In regard to the minutiae of family work, the writer has known the following methods to be adopted. Monday, with some of the best housekeepers, is devoted to preparing for the labors of the week. Any extra cooking, the purchasing of articles to be used during the week, the assorting of clothes for the wash, and mending such as would otherwise be injured - these, and similar items, belong to this day. Tuesday is devoted to washing, and Wednesday to ironing. On Thursday, the ironing is finished off, the clothes are folded and put away, and all articles which need mending are put in the mending-basket and attended to. Friday is devoted to sweeping and house-cleaning. On Saturday, and especially the last Saturday of every month, every department is put in order; the casters and table furniture are regulated, the pantry and cellar inspected, the trunks, drawers, and closets arranged, and every thing about the house put in order for Sunday. By this regular recurrence of a particular time for inspecting every thing, nothing is forgotten till ruined by neglect.

Another mode of systematizing relates to providing proper supplies of conveniences, and proper places in which to keep them. Thus, some ladies keep a large closet, in which are placed the tubs, pails, dippers, soap-dishes, starch, bluing, clothes-lines, clothes-pins, and every other article used in washing; and in the same, or another place, is kept every convenience for ironing. In the sewing department, a trunk, with suitable partitions, is provided, in which are placed, each in its proper place, white thread of all sizes, colored thread, yarns for mending, colored and black sewing-silks and twist, tapes and bobbins of all sizes, white and colored welting-cords, silk braids and cords, needles of all sizes, papers of pins, remnants of linen and colored cambric, a supply of all kinds of buttons used in the family, black and white hooks and eyes, a yard-measure, and all the patterns used in cutting and fitting. These are done up in separate parcels, and labeled. In another trunk, or in a piece-bag, such as has been previously described, are kept all pieces used in mending, arranged in order. A trunk like the first mentioned will save many steps, and often much time and perplexity; while by purchasing articles thus by the quantity, they come much cheaper than if bought in little portions as they are wanted. Such a trunk should be kept locked, and a smaller supply for current use retained in a work-basket. .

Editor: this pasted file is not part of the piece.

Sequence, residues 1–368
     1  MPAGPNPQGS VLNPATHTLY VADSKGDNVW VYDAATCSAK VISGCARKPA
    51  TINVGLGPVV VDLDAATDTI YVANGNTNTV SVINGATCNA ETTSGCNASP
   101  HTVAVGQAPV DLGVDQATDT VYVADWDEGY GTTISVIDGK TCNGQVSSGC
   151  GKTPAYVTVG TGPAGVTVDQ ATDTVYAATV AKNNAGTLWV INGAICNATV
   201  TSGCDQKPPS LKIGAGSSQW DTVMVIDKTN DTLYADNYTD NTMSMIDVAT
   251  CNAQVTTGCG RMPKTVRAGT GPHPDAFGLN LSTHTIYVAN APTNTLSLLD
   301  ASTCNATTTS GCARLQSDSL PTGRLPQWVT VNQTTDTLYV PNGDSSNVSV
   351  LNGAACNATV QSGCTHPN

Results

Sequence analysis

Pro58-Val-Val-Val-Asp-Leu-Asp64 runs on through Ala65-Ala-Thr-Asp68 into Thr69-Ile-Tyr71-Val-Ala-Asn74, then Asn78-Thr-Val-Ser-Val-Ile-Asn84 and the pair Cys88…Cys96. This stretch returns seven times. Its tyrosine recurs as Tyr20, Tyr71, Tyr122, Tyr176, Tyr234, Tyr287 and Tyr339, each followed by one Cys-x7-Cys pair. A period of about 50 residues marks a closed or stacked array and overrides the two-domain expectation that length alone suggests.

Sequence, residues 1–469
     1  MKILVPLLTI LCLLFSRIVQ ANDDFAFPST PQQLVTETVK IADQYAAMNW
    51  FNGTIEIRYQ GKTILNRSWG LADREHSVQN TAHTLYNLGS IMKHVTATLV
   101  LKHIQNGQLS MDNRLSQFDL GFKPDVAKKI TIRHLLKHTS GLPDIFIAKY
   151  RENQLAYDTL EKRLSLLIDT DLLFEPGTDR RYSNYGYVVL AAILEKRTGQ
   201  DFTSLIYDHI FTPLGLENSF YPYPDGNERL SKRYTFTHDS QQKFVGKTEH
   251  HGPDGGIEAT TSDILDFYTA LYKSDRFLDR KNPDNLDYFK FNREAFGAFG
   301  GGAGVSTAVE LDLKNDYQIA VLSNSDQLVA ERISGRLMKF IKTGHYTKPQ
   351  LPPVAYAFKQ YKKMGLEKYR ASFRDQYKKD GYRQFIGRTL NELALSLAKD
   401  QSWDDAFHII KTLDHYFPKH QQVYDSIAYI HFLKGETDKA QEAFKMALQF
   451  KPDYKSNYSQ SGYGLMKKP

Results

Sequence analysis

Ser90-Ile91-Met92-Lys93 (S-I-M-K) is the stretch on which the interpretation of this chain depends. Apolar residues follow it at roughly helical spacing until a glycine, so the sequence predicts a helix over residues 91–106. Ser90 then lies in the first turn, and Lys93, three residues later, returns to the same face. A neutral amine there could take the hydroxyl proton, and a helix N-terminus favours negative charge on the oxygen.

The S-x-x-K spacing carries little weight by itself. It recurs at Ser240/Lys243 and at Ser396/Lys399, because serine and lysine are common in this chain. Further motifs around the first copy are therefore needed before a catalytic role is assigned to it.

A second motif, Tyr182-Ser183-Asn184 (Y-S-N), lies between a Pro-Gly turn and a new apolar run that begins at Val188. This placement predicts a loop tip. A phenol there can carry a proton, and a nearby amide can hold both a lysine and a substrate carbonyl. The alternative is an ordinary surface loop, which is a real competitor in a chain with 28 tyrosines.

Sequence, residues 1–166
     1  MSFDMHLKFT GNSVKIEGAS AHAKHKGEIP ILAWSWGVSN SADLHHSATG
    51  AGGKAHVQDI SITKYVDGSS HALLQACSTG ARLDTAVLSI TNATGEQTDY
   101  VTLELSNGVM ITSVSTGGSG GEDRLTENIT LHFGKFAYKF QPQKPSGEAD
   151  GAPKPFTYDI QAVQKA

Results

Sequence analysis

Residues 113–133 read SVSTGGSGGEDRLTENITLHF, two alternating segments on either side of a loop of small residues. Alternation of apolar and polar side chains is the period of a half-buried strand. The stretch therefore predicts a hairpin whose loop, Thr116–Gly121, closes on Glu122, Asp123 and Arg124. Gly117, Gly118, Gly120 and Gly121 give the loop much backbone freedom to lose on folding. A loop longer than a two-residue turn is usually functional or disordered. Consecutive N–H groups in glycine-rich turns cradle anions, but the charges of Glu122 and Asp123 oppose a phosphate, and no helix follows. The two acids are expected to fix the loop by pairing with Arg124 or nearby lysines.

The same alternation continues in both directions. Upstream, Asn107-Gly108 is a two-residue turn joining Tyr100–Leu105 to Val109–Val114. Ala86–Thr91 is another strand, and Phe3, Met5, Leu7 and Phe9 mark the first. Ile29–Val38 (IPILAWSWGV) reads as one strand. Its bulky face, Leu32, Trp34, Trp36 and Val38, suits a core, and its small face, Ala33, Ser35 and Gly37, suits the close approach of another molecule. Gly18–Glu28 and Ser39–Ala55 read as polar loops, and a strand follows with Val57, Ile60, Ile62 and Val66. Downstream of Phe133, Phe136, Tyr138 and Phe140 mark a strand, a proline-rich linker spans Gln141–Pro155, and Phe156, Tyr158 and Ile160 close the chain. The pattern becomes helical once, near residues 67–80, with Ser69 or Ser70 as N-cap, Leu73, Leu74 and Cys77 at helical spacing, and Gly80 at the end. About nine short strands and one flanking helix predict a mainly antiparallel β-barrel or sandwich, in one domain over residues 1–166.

A full supply of all conveniences in the kitchen and cellar, and a place appointed for each article, very much facilitate domestic labor. For want of this, much vexation and loss of time is occasioned while seeking vessels in use, or in cleansing those employed by different persons for various purposes. It would be far better for a lady to give up some expensive article in the parlor, and apply the money thus saved for kitchen conveniences, than to have a stinted supply where the most labor is to be performed. If our countrywomen would devote more attention to comfort and convenience, and less to show, it would be a great improvement. Expensive mirrors and pier-tables in the parlor, and an un-painted, gloomy, ill-furnished kitchen, not unfrequently are found under the same roof.